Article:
This project is a proof of concept of building a decentralized key-value store on top of IPFS. This project was build as part of the course Building Scalable Blockchain Applications with Big Data Technology at the Hasso Plattner Institute.
The main focus of this project is a consensus algorithms for a network of nodes to agree on a consistent order of inserts transactions. The consensus algorithm is based on ELASTICO by Luu et al. (2016) which promises near linear agreement throughput with an increasing node count. For network communication Akka Cluster is used. The results were evaluated using different sized networks with up to 200 nodes.
For development, you can run the service locally with additional dummy actors using:
gradle -p store appRun
This requires a running instance of IPFS. To run the service with a mocked IPFS instance, run:
MOCK_IPFS="true" gradle -p store appRun
You can interact with the store through the REST-API as follows:
community-assigment-server/communityAssignmentService.pyto the amount of communities you want to have.
docker-compose -f docker-compose.yml buildin the root directory
docker-compose -f docker-compose.yml up --scale store=<number_of_nodes>
A store node consists of two major components, the Datastore Service and the Consensus Service. The Datastore Service handles incoming transactions and manages the in-memory index of the keys as well as the Transaction Log. The Consensus Service communicates with the network and takes part in the consensus rounds.
The Datastore Service manages the high-level interactions. It handles incoming read and write-requests, interacts with IPFS and forwards new transactions to the Consensus Service. The Datastore Service maintains an index containing the mapping of keys to IPFS content hashes, which are required to address the values stored in IPFS. Besides that, it manages the Transaction Log. The Transaction Log contains the immutable ordered list of all write-transactions. Because all transactions go through a consensus round, the Transaction Log is eventual consistent on all nodes in the network.
The Consensus Service starts and takes part in consensus rounds. For network communication we use Akka Cluster together with their PubSub implementation. Once a previous consensus round is finished, the Consensus Service pulls the next pending transaction from the Transaction Backlog and starts a new consensus round. The consensus algorithm is based on a simplified version of ELASTICO using PBFT internally. Due to the scope of this seminar, a couple of simplifications have been made such as leaving out dynamic community formation, identity management, and cryptographic protocols. Once the network agrees on the next transaction, the Consensus Service notifies the Datastore Service which integrates the new transaction in its Transaction Backlog and local index.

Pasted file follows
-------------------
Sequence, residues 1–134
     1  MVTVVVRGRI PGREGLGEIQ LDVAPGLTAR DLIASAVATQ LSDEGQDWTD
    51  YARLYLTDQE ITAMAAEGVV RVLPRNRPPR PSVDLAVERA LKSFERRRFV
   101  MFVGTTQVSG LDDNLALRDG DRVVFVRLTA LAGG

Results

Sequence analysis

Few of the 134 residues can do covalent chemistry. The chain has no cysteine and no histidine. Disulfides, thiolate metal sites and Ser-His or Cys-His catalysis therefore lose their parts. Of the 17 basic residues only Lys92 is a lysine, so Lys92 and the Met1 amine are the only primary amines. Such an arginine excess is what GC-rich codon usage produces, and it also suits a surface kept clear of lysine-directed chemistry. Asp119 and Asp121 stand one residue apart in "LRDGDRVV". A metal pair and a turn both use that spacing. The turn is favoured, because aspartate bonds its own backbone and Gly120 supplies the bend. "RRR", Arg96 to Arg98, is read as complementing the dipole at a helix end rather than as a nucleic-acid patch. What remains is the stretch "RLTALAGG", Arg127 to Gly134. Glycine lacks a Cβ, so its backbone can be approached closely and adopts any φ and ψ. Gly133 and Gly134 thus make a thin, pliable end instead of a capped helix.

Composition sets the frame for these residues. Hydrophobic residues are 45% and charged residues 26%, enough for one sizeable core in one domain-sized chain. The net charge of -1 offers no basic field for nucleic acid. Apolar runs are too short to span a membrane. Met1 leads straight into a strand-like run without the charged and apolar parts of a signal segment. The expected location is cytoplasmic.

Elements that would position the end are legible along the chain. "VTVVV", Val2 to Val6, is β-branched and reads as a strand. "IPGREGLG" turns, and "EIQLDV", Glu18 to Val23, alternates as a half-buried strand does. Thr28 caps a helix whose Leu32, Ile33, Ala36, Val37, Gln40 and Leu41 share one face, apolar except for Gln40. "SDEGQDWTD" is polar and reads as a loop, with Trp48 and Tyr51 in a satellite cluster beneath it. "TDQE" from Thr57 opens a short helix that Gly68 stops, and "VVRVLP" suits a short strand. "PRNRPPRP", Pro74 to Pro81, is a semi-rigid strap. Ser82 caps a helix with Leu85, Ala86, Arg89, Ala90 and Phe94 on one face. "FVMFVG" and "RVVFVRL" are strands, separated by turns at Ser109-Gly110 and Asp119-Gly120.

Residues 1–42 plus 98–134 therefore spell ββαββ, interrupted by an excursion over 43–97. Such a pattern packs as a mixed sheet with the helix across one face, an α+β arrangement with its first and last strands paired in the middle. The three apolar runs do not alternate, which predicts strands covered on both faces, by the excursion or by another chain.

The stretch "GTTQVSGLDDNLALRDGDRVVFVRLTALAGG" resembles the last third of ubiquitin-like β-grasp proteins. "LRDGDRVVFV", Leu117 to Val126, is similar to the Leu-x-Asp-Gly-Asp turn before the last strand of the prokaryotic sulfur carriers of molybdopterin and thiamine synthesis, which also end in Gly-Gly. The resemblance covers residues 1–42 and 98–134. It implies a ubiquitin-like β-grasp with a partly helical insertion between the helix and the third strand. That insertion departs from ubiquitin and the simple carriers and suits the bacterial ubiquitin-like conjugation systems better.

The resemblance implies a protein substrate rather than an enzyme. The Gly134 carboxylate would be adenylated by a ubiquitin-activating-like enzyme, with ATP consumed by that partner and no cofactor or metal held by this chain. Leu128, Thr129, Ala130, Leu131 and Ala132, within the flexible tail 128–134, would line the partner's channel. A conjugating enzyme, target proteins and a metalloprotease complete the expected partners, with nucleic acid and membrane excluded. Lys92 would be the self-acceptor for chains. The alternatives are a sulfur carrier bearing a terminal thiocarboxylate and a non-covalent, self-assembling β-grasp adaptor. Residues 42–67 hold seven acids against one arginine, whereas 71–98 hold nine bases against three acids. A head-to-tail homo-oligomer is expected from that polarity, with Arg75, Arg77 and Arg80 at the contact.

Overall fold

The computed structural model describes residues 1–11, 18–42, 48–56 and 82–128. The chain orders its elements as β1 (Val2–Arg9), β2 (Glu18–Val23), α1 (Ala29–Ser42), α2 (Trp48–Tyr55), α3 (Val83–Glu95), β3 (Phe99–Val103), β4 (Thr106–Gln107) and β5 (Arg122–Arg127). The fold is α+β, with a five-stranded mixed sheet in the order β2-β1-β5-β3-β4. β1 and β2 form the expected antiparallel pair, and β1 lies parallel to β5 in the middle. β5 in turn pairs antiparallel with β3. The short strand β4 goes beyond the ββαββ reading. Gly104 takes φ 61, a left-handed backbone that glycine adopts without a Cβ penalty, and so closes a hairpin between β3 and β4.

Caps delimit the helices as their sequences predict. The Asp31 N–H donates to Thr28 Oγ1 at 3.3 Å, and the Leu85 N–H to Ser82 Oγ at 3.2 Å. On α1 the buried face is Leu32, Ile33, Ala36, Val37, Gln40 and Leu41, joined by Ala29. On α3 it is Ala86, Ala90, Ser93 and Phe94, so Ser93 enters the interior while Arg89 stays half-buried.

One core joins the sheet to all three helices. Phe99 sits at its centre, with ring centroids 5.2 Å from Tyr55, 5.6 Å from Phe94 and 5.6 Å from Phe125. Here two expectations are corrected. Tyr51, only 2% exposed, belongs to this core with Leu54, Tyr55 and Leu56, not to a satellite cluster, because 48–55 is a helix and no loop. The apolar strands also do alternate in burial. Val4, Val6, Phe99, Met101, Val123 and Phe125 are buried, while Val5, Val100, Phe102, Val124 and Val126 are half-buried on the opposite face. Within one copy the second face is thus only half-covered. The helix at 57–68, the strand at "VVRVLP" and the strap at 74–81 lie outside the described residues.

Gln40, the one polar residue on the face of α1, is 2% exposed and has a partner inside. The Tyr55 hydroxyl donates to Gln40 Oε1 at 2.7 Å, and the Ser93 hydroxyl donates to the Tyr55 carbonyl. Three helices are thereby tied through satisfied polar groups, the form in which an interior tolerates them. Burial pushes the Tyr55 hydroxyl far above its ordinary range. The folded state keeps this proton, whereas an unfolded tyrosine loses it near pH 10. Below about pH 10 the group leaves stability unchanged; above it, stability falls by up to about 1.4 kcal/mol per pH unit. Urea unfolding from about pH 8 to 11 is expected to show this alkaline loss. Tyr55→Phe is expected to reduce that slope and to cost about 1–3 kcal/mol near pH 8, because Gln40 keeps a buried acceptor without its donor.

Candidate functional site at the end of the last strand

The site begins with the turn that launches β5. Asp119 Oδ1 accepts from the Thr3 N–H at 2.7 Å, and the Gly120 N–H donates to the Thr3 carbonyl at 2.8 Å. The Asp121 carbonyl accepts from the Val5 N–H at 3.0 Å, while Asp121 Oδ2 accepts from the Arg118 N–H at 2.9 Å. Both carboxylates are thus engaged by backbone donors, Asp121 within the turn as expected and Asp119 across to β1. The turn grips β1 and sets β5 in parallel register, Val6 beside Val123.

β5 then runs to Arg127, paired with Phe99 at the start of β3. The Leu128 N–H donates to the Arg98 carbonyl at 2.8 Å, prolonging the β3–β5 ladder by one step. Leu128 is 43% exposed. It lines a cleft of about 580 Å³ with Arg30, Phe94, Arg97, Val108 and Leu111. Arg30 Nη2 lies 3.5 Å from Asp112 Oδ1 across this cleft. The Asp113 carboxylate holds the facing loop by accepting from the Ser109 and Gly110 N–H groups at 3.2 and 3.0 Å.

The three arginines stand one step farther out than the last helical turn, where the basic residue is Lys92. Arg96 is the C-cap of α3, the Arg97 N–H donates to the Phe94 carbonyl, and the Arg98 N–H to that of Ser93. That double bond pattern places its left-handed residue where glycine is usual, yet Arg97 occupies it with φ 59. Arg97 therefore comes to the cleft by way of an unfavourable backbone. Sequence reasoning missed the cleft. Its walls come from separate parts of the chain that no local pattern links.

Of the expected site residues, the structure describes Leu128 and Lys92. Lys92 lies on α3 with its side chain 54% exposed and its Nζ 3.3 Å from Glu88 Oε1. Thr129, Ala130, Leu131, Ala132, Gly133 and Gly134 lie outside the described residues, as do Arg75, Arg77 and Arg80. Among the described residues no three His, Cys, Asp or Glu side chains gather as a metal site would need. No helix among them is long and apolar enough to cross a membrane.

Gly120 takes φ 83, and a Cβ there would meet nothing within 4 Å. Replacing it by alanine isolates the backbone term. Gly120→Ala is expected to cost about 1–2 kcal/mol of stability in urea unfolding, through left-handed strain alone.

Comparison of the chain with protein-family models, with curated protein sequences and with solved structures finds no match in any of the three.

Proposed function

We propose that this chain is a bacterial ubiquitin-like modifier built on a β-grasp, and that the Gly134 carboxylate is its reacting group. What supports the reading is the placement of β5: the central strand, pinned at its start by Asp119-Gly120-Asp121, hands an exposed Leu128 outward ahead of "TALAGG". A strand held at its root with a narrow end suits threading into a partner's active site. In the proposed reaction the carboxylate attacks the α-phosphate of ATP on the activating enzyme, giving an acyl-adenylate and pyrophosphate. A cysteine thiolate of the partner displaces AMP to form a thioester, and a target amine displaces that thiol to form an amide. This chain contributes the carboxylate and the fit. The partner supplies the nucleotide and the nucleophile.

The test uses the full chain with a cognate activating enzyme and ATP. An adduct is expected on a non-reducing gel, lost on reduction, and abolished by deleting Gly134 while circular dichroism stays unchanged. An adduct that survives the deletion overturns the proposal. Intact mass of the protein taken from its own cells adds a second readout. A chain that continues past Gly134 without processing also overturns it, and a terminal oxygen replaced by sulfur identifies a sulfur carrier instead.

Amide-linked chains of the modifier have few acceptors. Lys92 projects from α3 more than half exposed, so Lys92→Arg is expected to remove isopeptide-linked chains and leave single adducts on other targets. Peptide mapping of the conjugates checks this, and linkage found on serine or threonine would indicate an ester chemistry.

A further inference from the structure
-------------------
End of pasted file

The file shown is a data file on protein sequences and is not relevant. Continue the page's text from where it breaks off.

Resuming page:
When adding a new key-value pair to a node, the following steps are done:
When reading a key, that reached consistency in the network, the node only has to look up the respective content hash from its index. Using this content hash, it can return the value stored in IPFS. Note that in order to guarantee consistent reads, further measures such as quorum reads have to be implemented.
For our experiments, the Community Assignment Server simplifies the dynamic community assignment by registering new nodes joining the cluster and statically assigning a community number to each node.
Following http GET routes are supported:
/joinGet a community assignment
/membersList all registered nodes and their assignment
/members/countCount the current registered nodes
/clearClear the current state of the server
For our experiments, we initially set up two seed-nodes. Next, we dynamically added further nodes for the different experiment setups. Nodes can be deployed on various instances including container engines. In our case, we used DigitalOcean with one
s-1vcpu-1gb instance for each store node. After all nodes have joined the network, we added new random key-value pairs to all nodes in the network using round-robin scheduling. Finally, the start and end events of the consensus rounds for each transaction are pulled from the logs of all nodes. The duration of a consensus round is defined by the difference between the timestamp of the event starting the consensus round and the latest timestamp of a node agreeing on this transaction.
The following table shows some of the results based on the experiment setup described before. For these experiments, the nodes are distributed equally between the communities.
|5 Nodes, 1 Community||0.35||0.5|
|25 Nodes, 2 Communities||0.59||0.89|
|100 Nodes, 25 Communities||3.04||9.49|
|200 Nodes, 50 Communities||17.89||45.64|
The chart shows that there are differences in growth between the median and mean. These differences might indicate an increasing network overhead and its resulting outliers of consensus durations.
More details on all experiments and the raw log files can be found here.